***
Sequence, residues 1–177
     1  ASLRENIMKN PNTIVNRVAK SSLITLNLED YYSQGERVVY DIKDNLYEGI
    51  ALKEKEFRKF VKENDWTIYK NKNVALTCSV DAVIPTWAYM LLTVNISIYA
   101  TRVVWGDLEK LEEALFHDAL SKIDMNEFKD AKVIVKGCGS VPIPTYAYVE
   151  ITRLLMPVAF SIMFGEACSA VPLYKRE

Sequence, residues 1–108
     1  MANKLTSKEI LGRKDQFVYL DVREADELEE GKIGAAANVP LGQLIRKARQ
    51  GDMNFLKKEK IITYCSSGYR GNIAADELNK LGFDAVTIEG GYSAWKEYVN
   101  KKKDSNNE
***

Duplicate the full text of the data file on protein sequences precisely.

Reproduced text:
Sequence, residues 1–177
     1  ASLRENIMKN PNTIVNRVAK SSLITLNLED YYSQGERVVY DIKDNLYEGI
    51  ALKEKEFRKF VKENDWTIYK NKNVALTCSV DAVIPTWAYM LLTVNISIYA
   101  TRVVWGDLEK LEEALFHDAL SKIDMNEFKD AKVIVKGCGS VPIPTYAYVE
   151  ITRLLMPVAF SIMFGEACSA VPLYKRE

Sequence, residues 1–108
     1  MANKLTSKEI LGRKDQFVYL DVREADELEE GKIGAAANVP LGQLIRKARQ
    51  GDMNFLKKEK IITYCSSGYR GNIAADELNK LGFDAVTIEG GYSAWKEYVN
   101  KKKDSNNE